• Do a better job at engaging Indigenous athletes – Canada's national team has very few Indigenous athletes, whereas New Zealand and Australia have succeeded in engaging much higher rates in their programs.
  • CAAWS would make sense as a recipient of some of the $30 million of funding – they serve 50 percent of the population but their funding from Sport Canada is not reflective of their mandate, mission and accomplishments.
  • Find opportunities for the Minister to speak internationally on these issues in an effort to encourage other sport jurisdictions to move on these issues (perhaps UNESCO, European Union or other United Nations bodies).

Meeting summary for November 22-23, 2018

On November 22 and 23, 2018, the Minister's Working Group on Gender Equity in Sport (the Working Group) had its third and last in-person meeting to discuss initiatives, strategies and actions that would help increase the number of women in leadership positions, foster innovation and develop research opportunities. The meeting consisted of the following sessions:

  • An update of the Working Group's since the last meeting;
  • Information sessions on the situation of women leaders, which included coaches, officials and administrators, by an expert academic guest, Dr. Nicole LaVoi;
  • A presentation on Sport Canada's Funding Framework;
  • Breakout groups which sought to develop concrete actions for coaches, officials and administrators;
  • A presentation on Pol.Is, an innovative survey that was recently conducted by Sport Canada to evaluate Canadians' attitudes towards sport;
  • A review of innovative programs and initiatives that are currently seeing results in the United States and in Canada; and,
  • A discussion on how to improve Canada's ability to collect disaggregated data.

The Working Group was particularly interested in a number of areas, including:

  • The creation of a women and girls research hub that would serve a coordination role for the work of key players. The research hub would act as an observatory and think tank, and ensure information is mobilized and shared effectively to all partners and practitioners;
  • The importance for Sport Canada's Funding Framework to set targets for sport organizations to be held accountable. The need for clearer performance measures was also highlighted; and,
  • The possibility of impacting and changing the culture through a national marketing campaign.

Breakout sessions – November 22, 2018

During the breakout sessions, the Working Group discussed recommended actions for the three sub-groups: 1) coaches; 2) officials; and 3) administrators. Guylaine Demers presented data from Sport Canada's "Gender Equity in the Canadian Sport System: Graphs and Observations".

  • Data shows that the numbers of women/girls as coaches, officials and administrators are low and continuing to decline.
  • National Coaching Certification Program (NCCP): More women are taking coaching courses and getting certified, but the data does not show if they are actually coaching, or if they are assistant coaches only.
  • USport: Only 32% of women's teams have female head coaches, and 49% of assistant coaches are women. Only 1% of men's team coaches are women.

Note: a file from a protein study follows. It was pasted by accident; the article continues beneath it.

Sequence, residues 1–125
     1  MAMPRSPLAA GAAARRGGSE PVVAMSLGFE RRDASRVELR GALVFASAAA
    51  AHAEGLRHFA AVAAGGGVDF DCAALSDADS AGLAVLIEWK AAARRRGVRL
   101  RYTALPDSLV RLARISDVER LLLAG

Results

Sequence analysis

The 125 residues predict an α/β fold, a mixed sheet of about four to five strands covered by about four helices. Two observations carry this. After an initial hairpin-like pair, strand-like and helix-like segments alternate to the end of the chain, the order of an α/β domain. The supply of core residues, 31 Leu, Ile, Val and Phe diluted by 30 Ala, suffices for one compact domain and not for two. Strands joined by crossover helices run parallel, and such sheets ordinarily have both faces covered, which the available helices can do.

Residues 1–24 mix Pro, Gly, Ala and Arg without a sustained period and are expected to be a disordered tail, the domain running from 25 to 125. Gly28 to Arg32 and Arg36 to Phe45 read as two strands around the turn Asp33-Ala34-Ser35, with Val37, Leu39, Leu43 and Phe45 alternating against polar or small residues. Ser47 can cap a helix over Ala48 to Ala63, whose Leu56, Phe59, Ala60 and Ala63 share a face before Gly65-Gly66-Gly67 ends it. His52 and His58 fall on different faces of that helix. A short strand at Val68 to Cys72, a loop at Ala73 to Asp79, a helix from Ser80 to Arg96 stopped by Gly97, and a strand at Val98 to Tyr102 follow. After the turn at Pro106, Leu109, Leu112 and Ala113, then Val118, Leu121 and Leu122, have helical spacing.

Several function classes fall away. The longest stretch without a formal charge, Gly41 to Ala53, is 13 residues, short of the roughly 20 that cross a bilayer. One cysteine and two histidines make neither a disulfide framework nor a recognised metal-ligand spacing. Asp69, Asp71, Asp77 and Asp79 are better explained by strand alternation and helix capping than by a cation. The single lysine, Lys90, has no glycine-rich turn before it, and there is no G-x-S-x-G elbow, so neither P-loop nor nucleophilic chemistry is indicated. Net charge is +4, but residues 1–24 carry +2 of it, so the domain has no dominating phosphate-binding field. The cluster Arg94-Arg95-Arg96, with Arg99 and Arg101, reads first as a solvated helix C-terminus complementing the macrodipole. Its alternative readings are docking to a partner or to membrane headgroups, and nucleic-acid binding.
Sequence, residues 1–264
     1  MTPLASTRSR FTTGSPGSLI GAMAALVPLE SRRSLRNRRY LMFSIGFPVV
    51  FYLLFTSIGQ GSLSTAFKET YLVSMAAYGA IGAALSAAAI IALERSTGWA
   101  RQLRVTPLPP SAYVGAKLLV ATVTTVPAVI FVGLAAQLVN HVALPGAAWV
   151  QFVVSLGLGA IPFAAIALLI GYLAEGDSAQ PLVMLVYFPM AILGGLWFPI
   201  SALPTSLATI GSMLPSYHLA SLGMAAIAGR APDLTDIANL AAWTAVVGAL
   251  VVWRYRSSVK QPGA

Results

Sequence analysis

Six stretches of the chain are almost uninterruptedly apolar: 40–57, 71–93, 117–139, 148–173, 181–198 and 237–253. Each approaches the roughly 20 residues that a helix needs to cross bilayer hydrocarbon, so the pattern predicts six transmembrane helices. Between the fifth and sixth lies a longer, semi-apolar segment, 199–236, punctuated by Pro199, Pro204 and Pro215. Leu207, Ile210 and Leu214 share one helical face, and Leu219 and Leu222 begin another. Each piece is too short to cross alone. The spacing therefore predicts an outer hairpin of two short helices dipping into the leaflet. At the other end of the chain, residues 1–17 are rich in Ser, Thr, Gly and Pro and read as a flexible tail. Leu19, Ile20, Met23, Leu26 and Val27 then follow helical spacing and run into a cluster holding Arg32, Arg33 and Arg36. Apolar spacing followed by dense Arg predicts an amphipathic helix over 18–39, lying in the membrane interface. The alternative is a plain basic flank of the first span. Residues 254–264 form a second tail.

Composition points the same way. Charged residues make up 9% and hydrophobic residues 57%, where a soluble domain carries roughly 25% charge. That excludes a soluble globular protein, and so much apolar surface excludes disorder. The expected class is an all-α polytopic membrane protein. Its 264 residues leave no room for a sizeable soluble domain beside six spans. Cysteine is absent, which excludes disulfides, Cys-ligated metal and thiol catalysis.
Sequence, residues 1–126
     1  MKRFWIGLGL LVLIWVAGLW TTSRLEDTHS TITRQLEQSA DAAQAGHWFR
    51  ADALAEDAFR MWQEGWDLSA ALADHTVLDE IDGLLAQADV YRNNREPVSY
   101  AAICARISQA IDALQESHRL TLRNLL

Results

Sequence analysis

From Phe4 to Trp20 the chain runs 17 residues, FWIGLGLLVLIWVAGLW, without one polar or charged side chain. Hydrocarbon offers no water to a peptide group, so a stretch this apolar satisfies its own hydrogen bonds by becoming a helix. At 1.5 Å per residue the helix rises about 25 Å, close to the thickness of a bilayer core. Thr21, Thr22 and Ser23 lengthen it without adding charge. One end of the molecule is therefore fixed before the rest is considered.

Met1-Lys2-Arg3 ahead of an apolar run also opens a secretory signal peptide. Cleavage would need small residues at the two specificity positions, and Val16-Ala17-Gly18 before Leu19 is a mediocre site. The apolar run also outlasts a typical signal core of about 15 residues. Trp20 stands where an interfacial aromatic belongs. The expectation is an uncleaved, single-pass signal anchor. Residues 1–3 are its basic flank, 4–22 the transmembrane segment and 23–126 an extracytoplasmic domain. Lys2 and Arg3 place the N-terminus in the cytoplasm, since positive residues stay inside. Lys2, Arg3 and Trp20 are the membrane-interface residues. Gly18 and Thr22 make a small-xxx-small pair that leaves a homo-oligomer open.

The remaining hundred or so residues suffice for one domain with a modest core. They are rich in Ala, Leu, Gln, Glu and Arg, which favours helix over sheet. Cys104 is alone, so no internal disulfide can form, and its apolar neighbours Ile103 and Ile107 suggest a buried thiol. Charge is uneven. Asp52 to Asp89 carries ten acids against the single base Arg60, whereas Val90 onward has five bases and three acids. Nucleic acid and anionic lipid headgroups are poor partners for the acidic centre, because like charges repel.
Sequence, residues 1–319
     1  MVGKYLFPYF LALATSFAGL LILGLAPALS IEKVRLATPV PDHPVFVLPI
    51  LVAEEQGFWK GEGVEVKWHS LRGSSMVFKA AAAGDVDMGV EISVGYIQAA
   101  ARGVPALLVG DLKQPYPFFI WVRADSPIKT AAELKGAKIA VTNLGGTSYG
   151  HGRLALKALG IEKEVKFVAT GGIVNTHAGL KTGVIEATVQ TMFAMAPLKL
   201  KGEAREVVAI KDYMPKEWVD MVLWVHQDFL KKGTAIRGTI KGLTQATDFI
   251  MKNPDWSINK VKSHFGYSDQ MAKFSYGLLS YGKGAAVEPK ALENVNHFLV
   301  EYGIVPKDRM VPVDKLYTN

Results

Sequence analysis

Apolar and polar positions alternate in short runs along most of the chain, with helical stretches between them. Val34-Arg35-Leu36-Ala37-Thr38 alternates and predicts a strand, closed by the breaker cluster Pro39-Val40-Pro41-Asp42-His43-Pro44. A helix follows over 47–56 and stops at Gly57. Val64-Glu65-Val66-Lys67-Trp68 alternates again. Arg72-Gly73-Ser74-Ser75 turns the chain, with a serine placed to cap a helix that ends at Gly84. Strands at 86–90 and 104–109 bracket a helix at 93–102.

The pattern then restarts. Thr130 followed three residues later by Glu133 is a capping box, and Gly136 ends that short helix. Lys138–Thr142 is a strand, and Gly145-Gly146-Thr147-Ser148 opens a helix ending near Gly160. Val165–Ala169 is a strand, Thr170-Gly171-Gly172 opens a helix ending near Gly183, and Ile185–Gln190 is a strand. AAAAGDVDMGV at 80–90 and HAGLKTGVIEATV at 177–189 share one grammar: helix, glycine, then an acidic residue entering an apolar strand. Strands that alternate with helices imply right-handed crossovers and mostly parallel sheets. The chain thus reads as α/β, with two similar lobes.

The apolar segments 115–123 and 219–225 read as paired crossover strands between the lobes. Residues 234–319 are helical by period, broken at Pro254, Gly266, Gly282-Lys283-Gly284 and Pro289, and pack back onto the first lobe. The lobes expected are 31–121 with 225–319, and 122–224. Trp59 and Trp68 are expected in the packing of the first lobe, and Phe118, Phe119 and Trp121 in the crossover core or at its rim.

• Officials:
    • There are more women coaching and officiating on the para side. Not surprising since para sport was not as high profile as able body sport in the past.
    • It is difficult to retain female officials. The turnover is high because they are an easy target for parents and other officials. It is not a welcoming environment. Girls see women being treated negatively so they don't want to get involved. In addition, the best time slots and best pay often go to the males.
  • Sport leaders: National Multisport Service Organizations (MSOs) are led by women in Canada. This is not the case for National Sport Organizations (NSOs).

Possible actions/recommendations for each category were discussed with the goal to come up with the top three actions for each category. Discussions included the following.

  • Insert targets into Sport Canada's funding framework and into the hiring process of sport organizations. Unless you have quotas, education and compliance, it isn't going to work.
  • Examine how targets work in other fields, e.g. medical, STEM. Some sport boards already have a quota.
  • Need to have quotas of some sort or we will have same issues in 10 years. Quotas are a low cost solution.
  • Use of the NFL's "Rooney rule". When a position opens, there has to be a member of the underrepresented group(s) (e.g. race, gender) on that short list. For a 3 member short list, at least one must be an underrepresented gender. That could be a requirement of Sport Canada funding to a sport organization.
  • Change the culture to where a sport system without diversity and equity and a supportive environ is not an excellent system. Adjust the meaning of excellence which includes the need to create a certain type of environment (a safe and welcoming environment for all).
  • Need to have tools (e.g. directories of pools of women) if sport organizations are going to be required to have women on boards.
  • Importance of gender based training for all search committees hiring. Need to reach out and identify non mainstream candidates, and check biases via training. Unless you provide training and programs, gender equity is not going to happen.
  • A national marketing campaign is critical. (e.g. Sport England, This Girl Can)